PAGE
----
Saturday, May 02, 2015

Baptist Pastors Won’t Hear Ben Carson after Young Pastors Object


Concerns over theology and politics lead likely presidential candidate to back out of major Southern Baptist conference.

Bob Smietana 

[ POSTED 4/24/2015 02:13PM ]


Ben Carson, a retired neurosurgeon turned pundit, has backed out of plans to speak at a major gathering of evangelical pastors this summer.

Carson, who will likely run for president, had been scheduled to appear in June at the annual Southern Baptist Pastors Conference in Columbus, Ohio.

But a group of young ministers, known as Baptist21, raised concerns this week about his appearance.

The mostly Calvinist preachers objected to the beliefs of Carson’s booming Seventh-day Adventist Church—including the claim that worshiping on Sunday is sin and the idea that sinners who are barred from heaven will be annihilated rather than sent to hell.

They also objected to a statement made on Easter by Carson that Jews, Christians, and Muslims are all God’s children.

“Certainly, we do not all worship the same God—we worship the Trinity whom Muslims and Jews would deny,” leaders of Baptist21 wrote on their blog. “And, the idea that we are all God’s children is at best the type of liberalism the Conservative Resurgence sought to address, and at worst, it is universalism.”

Politics also played a role in Carson’s withdrawal.

Jonathan Akin, a leader of Baptist21 and pastor of Fairview Church near Nashville, said he was concerned about Southern Baptists being too closely tied to the Republican Party.

“I’d suggest that we not invite any politicians to speak in the future,” he said in a phone interview.

That concerned was echoed on the Baptist21 blog.

“We are concerned because in our evangelical climate it is often easy to confuse what it means to be a follower of Christ with what it means to be a patriotic American,” the blog read.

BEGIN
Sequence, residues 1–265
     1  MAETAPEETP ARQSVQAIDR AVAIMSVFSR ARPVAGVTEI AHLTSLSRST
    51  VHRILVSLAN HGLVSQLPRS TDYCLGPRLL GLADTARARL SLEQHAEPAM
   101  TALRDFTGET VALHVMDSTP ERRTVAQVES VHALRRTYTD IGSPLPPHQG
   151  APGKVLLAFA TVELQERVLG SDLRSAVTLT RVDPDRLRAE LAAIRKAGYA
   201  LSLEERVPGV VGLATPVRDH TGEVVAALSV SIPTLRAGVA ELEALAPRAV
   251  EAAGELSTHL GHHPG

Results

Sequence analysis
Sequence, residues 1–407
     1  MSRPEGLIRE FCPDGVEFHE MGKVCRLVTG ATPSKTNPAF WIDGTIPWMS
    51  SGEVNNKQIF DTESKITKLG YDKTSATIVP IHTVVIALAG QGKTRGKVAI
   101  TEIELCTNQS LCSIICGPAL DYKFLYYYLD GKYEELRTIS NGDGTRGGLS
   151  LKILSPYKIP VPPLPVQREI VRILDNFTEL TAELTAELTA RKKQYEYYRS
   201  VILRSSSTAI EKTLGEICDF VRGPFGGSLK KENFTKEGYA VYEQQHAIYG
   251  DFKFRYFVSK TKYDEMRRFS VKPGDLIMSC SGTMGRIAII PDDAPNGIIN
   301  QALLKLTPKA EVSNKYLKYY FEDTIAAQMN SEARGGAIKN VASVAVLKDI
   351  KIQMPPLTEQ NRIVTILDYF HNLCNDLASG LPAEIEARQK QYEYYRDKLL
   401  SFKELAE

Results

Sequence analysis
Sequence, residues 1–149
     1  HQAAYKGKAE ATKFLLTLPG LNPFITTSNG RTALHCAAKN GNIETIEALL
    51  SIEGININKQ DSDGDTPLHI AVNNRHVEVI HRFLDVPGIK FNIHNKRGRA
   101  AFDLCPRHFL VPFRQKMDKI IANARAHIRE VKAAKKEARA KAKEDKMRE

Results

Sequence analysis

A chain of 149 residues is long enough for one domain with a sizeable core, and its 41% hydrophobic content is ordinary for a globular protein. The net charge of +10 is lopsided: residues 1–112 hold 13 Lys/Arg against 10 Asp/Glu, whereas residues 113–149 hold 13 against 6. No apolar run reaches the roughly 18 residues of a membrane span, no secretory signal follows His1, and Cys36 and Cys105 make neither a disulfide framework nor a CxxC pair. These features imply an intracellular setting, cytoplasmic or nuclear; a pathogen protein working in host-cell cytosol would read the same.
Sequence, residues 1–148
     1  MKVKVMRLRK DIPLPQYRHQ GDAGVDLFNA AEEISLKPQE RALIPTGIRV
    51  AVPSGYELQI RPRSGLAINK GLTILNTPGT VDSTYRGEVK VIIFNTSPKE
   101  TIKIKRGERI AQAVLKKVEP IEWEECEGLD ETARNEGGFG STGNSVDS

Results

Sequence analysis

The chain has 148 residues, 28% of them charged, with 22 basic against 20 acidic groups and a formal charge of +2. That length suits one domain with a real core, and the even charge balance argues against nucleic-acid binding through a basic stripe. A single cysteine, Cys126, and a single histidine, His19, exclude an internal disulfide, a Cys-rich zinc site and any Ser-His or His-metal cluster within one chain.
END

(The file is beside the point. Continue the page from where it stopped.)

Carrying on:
Several Southern Baptist professor weighed in as well on Twitter.

“Stop inviting politicians and wanna-bees!” tweeted Kevin Smith, a professor at Southern Baptist Theological Seminary (SBTS) in Louisville. Denny Burk, a blogger and professor at Boyce College, the undergraduate arm of SBTS, also tweeted his support.

Willy Rice, pastor of Calvary Baptist Church in Clearwater and president of the pastor’s conference, said Carson’s appearance had become problematic. The decision to withdraw was mutual.

“It had become a distraction,” Rice said in a phone interview. “He didn’t need that and we didn’t need that.”

Rice posted a blog on Friday, explain his rationale for inviting Carson.

“He has spoken at the National Prayer Breakfast twice (the only other person to do so was Billy Graham); he was a frequent guest of James Dobson; he has spoken at several Southern Baptist churches for major events,” he wrote. “He loves Southern Baptists and considers them friends. I believe most Southern Baptists equally respect and appreciate him.”

Rice said that Carson was not a candidate for president when he was first invited to the conference and that he still is not a candidate.

“It now appears likely that he will announce his candidacy and, though he has never held political office nor to my knowledge engaged in a political campaign, many have voiced their objections at having a declared candidate speak at our conference,” he said.

Politicians have spoken at the Southern Baptist pastors conference and the Southern Baptist Convention’s annual meeting in the past.

Mike Huckabee, a former governor of Arkansas and former Southern Baptist pastor, spoke at the conference in 2009 and in 2013.

CT recently explored how Adventists, growing at a rate of 1 million members each year, have been wrestling with their identity, trying to keep their distinctive beliefs while also moving closer to other evangelicals.

A Seventh-day Adventist church in Alabama recently even started a Sunday service as an outreach event.

“There has been a continuing tension about whether [Adventists] see themselves as distinct, or as one among many evangelical denominations with a few special emphases,” said David Neff, former CT editor and a former Adventist minister, told CT. “There’s a dynamic that moves back and forth between those poles.”

RELATED TOPICS:Adventists; Politics; Southern Baptists
POSTED:April 24, 2015 at 2:13PM
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